Pearl Jam continue to work wonders as they focus on social issues, as well as their inimitable brand of alternative rock.
Pearl Jam frontman Eddie Vedder has made personal donations to help families in need, while the band has helped support causes such as the Flint water crisis. The band have also been aware of their own carbon emissions as a touring outfit, working to reduce them on a recent sojourn to South America.
At a recent homecoming show in Seattle, however, it was the plight of the homeless which the band wanted to highlight.
According to MyNorthwest; In January, the band announced it would pledge a minimum of $1 million of its own money toward local homelessness initiatives in hopes the donation would encourage more businesses, individuals and organizations to join in.
Local Seattle station Kiro 7 added;
‘People from all over the world are here for the music. But the Seattle shows are bringing together more than just lovers of grunge.
“Pearl Jam really was the one who looked in our backyard and saw the need to do something to help our vulnerable neighbors,” said Sabrina Register, with the King County United Way.
Back in January, Pearl Jam announced the “Home Shows,” and lead guitarist Mike McCready pledged the band would donate a million dollars toward ending homelessness in Seattle.‘
When @PearlJam announced the Home Shows, they planned to raise $1M to help address Seattle’s homelessness crisis – and now, thanks to donations from their generous fans, they will be donating nearly $12M to the cause. What an incredible show of support! https://t.co/2dR0SkuXDm
— Mayor Jenny Durkan (@MayorJenny) August 9, 2018
Kiro 7 elaborated further, when it came to light that the appeal had gained traction;
‘Now the band has brought together more than 140 organizations to raise nearly $12 million for the cause.
The effort comes at a time when Seattleites seem to be feeling peak frustration about homelessness, calling for the repeal of a business head tax even with the crisis worse than ever.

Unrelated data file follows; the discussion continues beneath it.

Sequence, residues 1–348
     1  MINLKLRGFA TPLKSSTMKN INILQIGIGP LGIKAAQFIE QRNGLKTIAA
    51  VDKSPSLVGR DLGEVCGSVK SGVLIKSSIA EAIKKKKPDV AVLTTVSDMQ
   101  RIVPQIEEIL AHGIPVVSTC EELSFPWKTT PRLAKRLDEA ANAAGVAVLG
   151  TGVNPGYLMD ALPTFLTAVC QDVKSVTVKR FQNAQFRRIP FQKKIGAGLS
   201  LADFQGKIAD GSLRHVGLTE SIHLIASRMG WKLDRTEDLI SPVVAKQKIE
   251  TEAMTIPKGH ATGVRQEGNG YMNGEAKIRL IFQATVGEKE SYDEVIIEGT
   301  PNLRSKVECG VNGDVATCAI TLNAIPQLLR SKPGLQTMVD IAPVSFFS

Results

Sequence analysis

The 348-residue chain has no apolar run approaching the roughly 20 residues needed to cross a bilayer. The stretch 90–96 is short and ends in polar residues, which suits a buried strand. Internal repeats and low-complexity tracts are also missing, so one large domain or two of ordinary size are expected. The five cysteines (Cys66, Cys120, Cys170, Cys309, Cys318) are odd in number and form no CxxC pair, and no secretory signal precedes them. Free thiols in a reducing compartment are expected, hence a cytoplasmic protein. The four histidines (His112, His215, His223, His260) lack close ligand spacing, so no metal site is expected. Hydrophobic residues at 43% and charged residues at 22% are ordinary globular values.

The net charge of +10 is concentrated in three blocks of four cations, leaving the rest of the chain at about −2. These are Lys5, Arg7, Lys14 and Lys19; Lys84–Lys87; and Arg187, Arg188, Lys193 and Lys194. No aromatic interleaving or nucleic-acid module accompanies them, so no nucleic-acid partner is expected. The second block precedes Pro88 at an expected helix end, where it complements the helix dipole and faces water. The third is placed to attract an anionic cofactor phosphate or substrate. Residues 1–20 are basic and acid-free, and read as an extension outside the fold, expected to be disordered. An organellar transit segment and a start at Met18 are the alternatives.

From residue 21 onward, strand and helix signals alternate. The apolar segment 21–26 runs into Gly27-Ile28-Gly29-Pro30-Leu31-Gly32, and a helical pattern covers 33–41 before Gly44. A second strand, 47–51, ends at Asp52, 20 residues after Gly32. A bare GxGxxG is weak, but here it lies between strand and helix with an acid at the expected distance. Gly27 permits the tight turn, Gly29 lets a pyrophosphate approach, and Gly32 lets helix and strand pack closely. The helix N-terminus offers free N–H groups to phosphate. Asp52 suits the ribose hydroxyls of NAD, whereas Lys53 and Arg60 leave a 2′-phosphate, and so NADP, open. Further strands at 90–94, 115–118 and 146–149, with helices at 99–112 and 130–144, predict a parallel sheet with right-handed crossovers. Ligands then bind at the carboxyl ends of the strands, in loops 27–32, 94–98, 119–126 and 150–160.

Restaurateur Ethan Stowell says Pearl Jam’s way is the way to go.
“It’s got to be a collaborative plan, it can’t just be City Hall saying hey you’re doing this, or you’re paying for this. It really has to get the brightest minds together. And I think in the spirit of partnership, money will flow – just as you’re seeing on this event,” Stowell said.
Starbucks is also donating up to a half-million dollars.
A specially created Pearl Jam wine, which sold out in 12 minutes, raised about $70,000.
“It’s incredible. It really exceeded our expectations,” said Mark McNeilly, owner of Mark Ryan Winery. He teamed up with Trey Busch work on The Underground Wine Project and create the wine.
There is more money coming, too: More than 80 Seattle-area restaurants have pledged to donate 10 percent of their proceeds tonight, including Stowell’s restaurants.
“I’m a fan of Pearl Jam and I’ll be honest, I’m an even bigger fan of what they’re doing, so that makes (me) a fan even more,” Stowell said.
After the second home show Friday, Pearl Jam’s advisory panel will decide how to allocate the donations to King County nonprofits and agencies that work on ending homelessness.’
MXDWN broke the good news after the shows:
“The band originally planned to raise $1M to support the homeless. But to the surprise of many, the band was able to raise $12M in support of those who are affected by homelessness in that region. Pearl Jam decided to donate $1M to the cause from ticket revenue and other sources. Other donations came from corporate partners, sponsors, and individual fans. The band surpasses many milestones this weekend.”